The General Services Administration is working closely with companies to ensure that new supply chain risk management (SCRM) requirements are appearing in major federal contracts, said the deputy assistant commissioner for acquisition.
Keith Nakasone said Tuesday that his Office of IT Category (ITC) is taking a “proactive approach” by adding SCRM and cybersecurity language to new and old contracts. The goal is to ensure companies self-certify and comply with crucial requirements established over the last few years.
ITC’s work began with the Second Generation Information Technology (2GIT) Blanket Purchase Agreements (BPAs). While protests have stalled 2GIT awards, the BPAs will allow 75 vendors to provide $5.5 billion in IT products and services governmentwide — a recipe for foreign adversaries to access the federal supply chain if gaps aren’t addressed up front by the companies themselves.
“We’re not only going through the process, where the contractors are delivering commodities and services, but also the follow-through,” Nakasone said, during a GSA webinar Tuesday. “So after they go through a self-certification process, there’s a compliance piece that we’re working on that we’ll monitor to ensure that they are following their SCRM plan.”
ITC is also altering governmentwide acquisition contracts (GWAC) to address prohibitions on telecommunications equipment and services produced by Chinese companies like Huawei and ZTE. Those rules are from Section 889 of the fiscal 2019 National Defense Authorization Act (NDAA).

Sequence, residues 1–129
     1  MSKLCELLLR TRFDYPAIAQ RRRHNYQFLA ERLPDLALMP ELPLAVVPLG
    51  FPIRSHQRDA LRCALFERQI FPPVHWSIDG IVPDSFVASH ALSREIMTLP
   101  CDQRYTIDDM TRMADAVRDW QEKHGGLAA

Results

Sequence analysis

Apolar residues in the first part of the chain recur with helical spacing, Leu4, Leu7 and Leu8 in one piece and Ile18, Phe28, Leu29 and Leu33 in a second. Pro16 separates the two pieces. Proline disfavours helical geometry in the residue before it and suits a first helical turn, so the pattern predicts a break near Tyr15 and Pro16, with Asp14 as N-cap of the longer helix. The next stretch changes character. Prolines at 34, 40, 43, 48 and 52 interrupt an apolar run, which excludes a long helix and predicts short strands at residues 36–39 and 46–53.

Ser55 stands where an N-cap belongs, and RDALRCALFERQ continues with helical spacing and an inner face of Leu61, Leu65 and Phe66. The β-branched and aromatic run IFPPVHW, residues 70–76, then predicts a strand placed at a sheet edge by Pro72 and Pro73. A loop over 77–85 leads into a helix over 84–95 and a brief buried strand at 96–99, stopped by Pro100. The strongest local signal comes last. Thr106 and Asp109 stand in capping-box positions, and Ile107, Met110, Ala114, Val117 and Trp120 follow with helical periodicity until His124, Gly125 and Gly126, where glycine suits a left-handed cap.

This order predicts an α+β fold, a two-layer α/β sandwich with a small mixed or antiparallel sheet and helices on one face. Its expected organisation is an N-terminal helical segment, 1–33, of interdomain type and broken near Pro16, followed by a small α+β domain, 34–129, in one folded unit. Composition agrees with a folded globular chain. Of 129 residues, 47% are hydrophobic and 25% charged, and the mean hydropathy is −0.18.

Some of the language from the Pentagon‘s Cybersecurity Maturity Model Certification (CMMC) program, which is creating third-party assessments to ensure all contractors’ networks are compliant, was added to the 8(a) STARS III GWAC for IT solutions. ITC wanted to ensure the best-in-class vehicle required basic cyber-hygiene expected of CMMC Level 1 contractors, as well as security controls from the National Institute of Standards and Technology‘s Special Publication 800-53.
“We’re trying to build more flexibility into our major contracts so that we will be able to move forward as innovation, emerging technologies and as regulations, policies and procedures change over time,” Nakasone said.
At the same time ITC is updating contracts, a subgroup of the recently established Federal Acquisition Security Council has begun establishing its own set of supply chain requirements, said Lisa Barr, FASC project lead. For the next several months, the council will refine those requirements before working with GSA to identify the major contracts that meet federal SCRM business needs.
The Federal Acquisition Supply Chain Security Act of 2018 authorized FASC, which sits within the Office of Management and Budget, to address gaps in the federal supply chain and recommend technologies for elimination. That starts with acquisition.
“We need to have a much stronger approach to how we’re going to remove and exclude these entities from getting into our federal enterprise to begin with,” Barr said.